In April, Mailer sells his 500-cubic-foot archive, including approximately 50,000 of his letters, to the Harry Ransom Center, University of Texas, for $2.5 million. Later that month, he attends a conference at the University titled “Norman Mailer Takes on America.”
On 8 September, Mailer undergoes a successful quadruple bypass operation at Mass General in Boston. On 16 November, he is awarded the Medal for Distinguished Contribution to American Letters by the National Book Foundation.
Norman Mailer’s Provincetown: The Wild West of the East, a pamphlet containing excerpts from his work about Provincetown, including his favorite poem, “The Harbors of the Moon,” is published by Provincetown Arts Press.
Norman Mailer’s Provincetown: The Wild West of the East, edited by J. Michael Lennon. Provincetown, MA: Provincetown Arts press. 12 pp. Limited edition. Contains five evocations of Provincetown from Mailer’s work, and Lennon’s introduction. Reprint.
Letter to Malcom Boyd. In In Times Like These: How We Pray, edited by Malcom Boyd. New York: Seabury Books, 2005. Rpt: 14.3.
“You’ve Got Mailer.” Article by Don Graham. Texas Monthly, November, 94, 96, 105, 108. Overview of Mailer’s career with comments about the sale of his papers. Mailer is quoted, briefly, from his address to a press conference in Austin: Texas “has produced some of the bravest people and some of the most god-awful. In my mind, George W. Bush falls firmly in the second category.” See 05.5–05.6, 05.9, 05.12.
“Mailer’s Papers Come to Texas.” Article-interview by unidentified author. Ransom News (newsletter of the Harry Ransom Humanities Research Center, University of Texas) 13 (winter), 1, 8. Mailer explains why he sold his papers to Texas and what they might be used for in the future. See 05.3–05.6, 05.9, 05.13.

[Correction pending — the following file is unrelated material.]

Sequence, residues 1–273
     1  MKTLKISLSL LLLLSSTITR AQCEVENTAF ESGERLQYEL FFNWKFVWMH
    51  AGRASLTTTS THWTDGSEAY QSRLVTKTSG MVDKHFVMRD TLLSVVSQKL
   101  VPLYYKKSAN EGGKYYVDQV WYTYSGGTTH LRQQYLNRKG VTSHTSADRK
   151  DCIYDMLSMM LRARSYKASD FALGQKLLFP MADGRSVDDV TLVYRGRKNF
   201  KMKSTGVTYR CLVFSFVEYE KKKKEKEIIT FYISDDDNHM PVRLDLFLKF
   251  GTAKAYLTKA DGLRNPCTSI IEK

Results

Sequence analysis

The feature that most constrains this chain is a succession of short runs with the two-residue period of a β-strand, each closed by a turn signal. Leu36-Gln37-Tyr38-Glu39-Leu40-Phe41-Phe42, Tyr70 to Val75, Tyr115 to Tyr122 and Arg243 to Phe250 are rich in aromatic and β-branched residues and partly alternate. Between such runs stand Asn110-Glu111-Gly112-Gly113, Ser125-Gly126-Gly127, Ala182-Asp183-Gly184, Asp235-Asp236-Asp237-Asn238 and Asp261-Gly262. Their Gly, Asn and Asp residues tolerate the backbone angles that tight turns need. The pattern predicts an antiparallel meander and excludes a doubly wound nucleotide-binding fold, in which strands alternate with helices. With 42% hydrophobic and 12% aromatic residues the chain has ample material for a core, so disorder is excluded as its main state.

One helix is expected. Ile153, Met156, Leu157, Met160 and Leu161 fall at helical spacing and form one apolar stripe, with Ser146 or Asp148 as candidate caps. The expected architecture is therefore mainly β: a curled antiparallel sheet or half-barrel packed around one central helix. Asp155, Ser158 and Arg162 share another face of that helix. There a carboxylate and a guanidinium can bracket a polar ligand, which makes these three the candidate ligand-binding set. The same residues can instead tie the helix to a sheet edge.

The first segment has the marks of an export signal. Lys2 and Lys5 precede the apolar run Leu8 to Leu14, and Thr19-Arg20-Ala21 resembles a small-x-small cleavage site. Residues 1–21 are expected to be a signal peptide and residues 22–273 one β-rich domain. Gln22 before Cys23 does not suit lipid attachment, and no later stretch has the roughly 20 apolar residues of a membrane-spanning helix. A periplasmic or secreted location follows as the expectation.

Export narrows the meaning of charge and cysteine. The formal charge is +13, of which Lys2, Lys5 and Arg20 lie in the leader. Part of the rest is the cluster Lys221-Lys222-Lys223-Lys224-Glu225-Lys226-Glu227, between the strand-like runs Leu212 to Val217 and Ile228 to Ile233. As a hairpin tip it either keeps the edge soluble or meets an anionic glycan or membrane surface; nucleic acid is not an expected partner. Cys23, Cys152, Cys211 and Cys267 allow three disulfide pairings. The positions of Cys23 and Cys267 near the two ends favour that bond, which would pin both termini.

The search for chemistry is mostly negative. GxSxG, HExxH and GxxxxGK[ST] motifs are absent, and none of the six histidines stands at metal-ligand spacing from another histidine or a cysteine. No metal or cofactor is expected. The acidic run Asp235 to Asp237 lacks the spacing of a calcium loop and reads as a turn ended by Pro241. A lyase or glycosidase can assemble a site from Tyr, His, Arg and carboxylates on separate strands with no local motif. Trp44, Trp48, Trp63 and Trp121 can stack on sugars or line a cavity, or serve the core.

“God and Man and Mailer.” Letter to the editor. Nation 280, 15-22 August, 2. Mailer responds to several letters disagreeing with his comments on Sartre in 55.7.
“The Write Place.” Article-interview by Debbie Forman. Cape Cod View, 20 July, 21-25. Mailer looks back at his years in Provincetown, recalling that when he was in the army “I kept dreaming about coming back here. And I started ‘The Naked and the Dead’ in one of the [Crow’s Nest] cottages in North Truro.” He adds, “I started a great many books here. I’ve written more than two-thirds of many books here.” Norris Mailer is also interviewed in this piece. See 95.36, 05.10, 07.2.
“Norman Mailer: The Last Buccaneer Looks Back.” Article-interview by Douglas Brinkley. Rolling Stone, ns. 977/978, 30 June-14 July, 84, 85, 88, 90, 92, 94, 95, 162, 166. Retrospective Look at Mailer’s career by a professional biographer on the occasion of the sale of his papers. Mailer made negative, quasi-racist remarks about New York Times critic Michiko Kakutani in this interview that came back to haunt him. See 05.3–05.6, 05.12, 05.13.
“Don’t be a Blogger Manqué, Norman Mailer.” Blog entry by Jay Rosen. Huffington Post, 28 June. Rosen attempts to encourage Mailer to start blogging, and quotes him: “In the ’50s, you couldn’t get anything interesting published,” adding that he “might have been a blogger if there had been an internet back then.”
“God’s Chosen Envoy for America.” Blog entry. Huffington Post, 21 June. Mailer’s complete comment on the death of President Ronald Reagan’s death:
In the wake of all the fluvial funereal obsequies that the media attached to Ronald Reagan’s earthly departure, I felt obliged to remark that he had been the most overrated president in American history and the second most ignorant. Then I added — how could I not? — guess who is the most ignorant? Half the audience applauded; the other half were outraged and groaned in true patriotic pain. Since George W. is not only a horse’s ass, but vain and platitudinous to boot, it can hardly escape us that he is also serving (with all due inner incandescence) as God’s chosen envoy for America.